The Lost Boys
Let's take a trip back to the year 1987... Apart from being a music junkie, I was a pretty regular movie-goer back then. Most fridays used to be movie days, as far as something cool was being shown in the theatres. Okay, there were some movies that turned out to be not that cool or good, but that's another story.
I can't remember whether it was late 1987 or early 1988 when t"The Lost Boys" was released in Finland, but I do remember that I went to see it the day it came to the theatres. It wasn't a hit, as besides me and my friend, there were only a handful of people to see it. I don't know what kind of an impact it had on them, but I came out of the theatre thinking that I had just seen probably the coolest movier ever! Vampires, rock, horror, action, comedy, troublesome youth, girls... the movie was loaded with everything, and the whole athmosphere of the town "Santa Carla" was magical. Not to mention the gang of vampires, led by none other than Jack Bauer - Kiefer Sutherland!
A major part of the movie's charm is its' soundtrack. To be honest, it's hardly the Most Perfect Collection of Songs Ever, but it does have several memorable moments. There's a bunch of songs on the album that I have no recollection of being in the movie at all, but the ones I do remember left a lasting impression.
"Cry Little Sister" (Theme From The Lost Boys) by Gerard McMann makes its' first appearance during the opening sequence, and it sets the tone with its' haunting melody. It is very much THE song of the movie, to the extent of it being used in the dreadful 2008 sequel "Lost Boys: The Tribe" as well, although it was "updated" by the band Aiden. The song alone couldn't save the film from being very average. It did sell well though, a record-breaking 1,250,000 DVD copies! A third movie was made in 2010 called "Lost Boys: The Thirst", again a direct-to-DVD affair. I've got it in my collection but haven't dared to watch it yet...
I don't really care much for The Doors, but the cover of "People Are Strange" by Echo And The Bunnymen is strangely enjoyable, at least in the context of the movie. It's being first played while the Emerson family arrives to Santa Carla, where some of the people are, well, strange. Dead strange.
An eighties' action movie without an AOR song or two would sound weird, wouldn't it? The Lost Boys has it's share of AOR, with Lou Gramm's "Lost In The Shadows" and Tim Cappello's "I Still Believe" being the most well-known tracks of them. "Lost In The Shadows" is a pulsating track with plenty of keyboards, and I would rate it as one of the best Lou Gramm solo tracks. Stylewise it's closer to Lou's shortlived band Shadow King than "Midnight Blue" or Foreigner.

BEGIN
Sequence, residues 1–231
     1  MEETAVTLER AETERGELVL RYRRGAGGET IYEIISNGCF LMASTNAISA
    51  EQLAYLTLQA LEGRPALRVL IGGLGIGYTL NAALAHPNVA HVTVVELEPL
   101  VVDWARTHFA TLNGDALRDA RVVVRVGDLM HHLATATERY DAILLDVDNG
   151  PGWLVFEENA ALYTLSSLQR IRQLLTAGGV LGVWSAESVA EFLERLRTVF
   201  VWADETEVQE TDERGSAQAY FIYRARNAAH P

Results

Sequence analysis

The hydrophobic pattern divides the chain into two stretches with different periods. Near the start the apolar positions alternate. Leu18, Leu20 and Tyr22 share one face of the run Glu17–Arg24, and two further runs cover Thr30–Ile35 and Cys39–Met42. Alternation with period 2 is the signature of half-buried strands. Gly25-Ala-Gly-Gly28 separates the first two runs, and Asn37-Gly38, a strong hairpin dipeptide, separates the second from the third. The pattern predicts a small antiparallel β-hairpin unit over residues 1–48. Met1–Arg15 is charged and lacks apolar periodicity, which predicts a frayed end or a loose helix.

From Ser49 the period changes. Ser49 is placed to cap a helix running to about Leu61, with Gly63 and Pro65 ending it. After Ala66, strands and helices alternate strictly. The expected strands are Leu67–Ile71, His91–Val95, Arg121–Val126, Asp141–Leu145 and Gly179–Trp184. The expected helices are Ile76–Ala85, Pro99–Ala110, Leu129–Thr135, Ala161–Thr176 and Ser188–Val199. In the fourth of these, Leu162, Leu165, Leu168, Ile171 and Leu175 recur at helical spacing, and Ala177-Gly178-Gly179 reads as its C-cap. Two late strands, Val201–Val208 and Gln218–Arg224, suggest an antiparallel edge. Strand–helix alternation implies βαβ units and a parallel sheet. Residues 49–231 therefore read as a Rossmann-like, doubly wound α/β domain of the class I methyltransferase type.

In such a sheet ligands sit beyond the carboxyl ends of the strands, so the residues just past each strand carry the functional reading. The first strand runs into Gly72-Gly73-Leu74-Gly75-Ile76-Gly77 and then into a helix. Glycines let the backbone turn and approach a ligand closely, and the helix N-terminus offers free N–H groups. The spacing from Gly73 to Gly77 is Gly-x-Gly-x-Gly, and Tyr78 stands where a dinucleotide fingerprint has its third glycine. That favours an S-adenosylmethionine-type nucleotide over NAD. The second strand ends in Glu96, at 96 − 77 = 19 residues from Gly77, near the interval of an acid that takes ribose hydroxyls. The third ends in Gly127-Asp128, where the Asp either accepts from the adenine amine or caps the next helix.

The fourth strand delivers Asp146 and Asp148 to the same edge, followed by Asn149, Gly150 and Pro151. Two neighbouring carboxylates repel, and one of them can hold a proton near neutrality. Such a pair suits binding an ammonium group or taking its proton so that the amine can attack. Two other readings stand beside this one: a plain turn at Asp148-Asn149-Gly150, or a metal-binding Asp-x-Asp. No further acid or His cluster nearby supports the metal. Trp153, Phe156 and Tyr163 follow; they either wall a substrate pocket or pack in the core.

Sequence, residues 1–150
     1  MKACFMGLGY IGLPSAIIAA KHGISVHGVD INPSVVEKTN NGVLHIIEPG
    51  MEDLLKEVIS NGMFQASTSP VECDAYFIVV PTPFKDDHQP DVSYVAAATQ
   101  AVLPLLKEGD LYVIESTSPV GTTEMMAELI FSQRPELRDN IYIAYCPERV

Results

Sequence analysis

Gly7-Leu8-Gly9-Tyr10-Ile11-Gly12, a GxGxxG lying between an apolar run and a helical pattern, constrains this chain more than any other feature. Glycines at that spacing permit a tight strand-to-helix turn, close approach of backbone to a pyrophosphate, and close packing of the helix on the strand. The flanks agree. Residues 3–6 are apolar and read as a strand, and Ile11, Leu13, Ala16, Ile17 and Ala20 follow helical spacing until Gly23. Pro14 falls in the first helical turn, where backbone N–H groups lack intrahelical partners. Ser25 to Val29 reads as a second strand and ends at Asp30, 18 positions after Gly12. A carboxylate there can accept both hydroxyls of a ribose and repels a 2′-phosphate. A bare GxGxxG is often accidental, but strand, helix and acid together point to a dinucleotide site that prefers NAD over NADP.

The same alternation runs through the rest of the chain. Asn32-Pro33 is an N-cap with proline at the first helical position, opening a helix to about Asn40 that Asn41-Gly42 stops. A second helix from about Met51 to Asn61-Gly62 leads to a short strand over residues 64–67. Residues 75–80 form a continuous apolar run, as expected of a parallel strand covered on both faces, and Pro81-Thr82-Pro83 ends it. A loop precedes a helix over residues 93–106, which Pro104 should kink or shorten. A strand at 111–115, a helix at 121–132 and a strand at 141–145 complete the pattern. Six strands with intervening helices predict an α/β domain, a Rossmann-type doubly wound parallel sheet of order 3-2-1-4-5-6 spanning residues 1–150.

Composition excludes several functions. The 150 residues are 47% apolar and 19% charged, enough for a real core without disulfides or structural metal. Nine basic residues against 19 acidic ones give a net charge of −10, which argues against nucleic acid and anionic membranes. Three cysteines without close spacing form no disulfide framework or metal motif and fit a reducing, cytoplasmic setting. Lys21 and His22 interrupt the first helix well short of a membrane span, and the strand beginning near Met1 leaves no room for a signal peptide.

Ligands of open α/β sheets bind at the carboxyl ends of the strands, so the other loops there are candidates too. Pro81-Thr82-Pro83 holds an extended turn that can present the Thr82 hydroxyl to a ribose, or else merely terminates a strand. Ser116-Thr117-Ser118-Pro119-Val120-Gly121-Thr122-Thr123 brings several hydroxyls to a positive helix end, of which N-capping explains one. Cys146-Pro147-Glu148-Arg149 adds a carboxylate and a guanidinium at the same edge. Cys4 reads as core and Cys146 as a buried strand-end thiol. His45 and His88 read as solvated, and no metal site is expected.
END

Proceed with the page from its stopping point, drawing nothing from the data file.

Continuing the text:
Tim Cappello gets to perform his song live (or at least lipsync) and his performance is quite memorable. Cappello, who played saxophone in Tina Turner's band during the eighties and the nineties, appears in the scene with his muscular upper body shirtless and oiled and a with a Steven Seagal-like ponytail. This image has been later duplicated in comedy scetches and videos that have gone viral - go and google "The Sexy Sax Man" for example. At the time of first seeing this movie, I thought it was Kane Roberts on stage...
Inxs and Jimmy Barnes perform two tracks together on the soundtrack, but I can't remember whether they were featured in the film. Possibly, as I find both tracks rather forgettable, basic rock tracks. Cult AOR band Eddie And The Tide's "Power Play" isn't too bad an AOR track but I can't remember it being played in the movie either.
During the closing credits, you can hear a Roger Daltrey-sung version of Elton John's "Don't Let The Sun Go Down On Me", which has been given a sort of a power ballad/Chicago treatment. This version is produced by Beau Hill, who was one of the most successful rock producers of the late eighties.
The movie has become something of a cult film over the years and it has had an influence on certain bands as well. To name a couple… already a couple of years after the film's release Lizzy Borden wrote "Be One Of Us" for their "Master Of Disguise" album, and more recently Finnish gothic rockers The 69 Eyes scored a big hit with a song called "Lost Boys". Both songs are obviously and admittedly influenced by the movie.
This episode of "And Then Some..." was written by Kimmo Toivonen
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1. Good Times
Directed by Joel Schumacher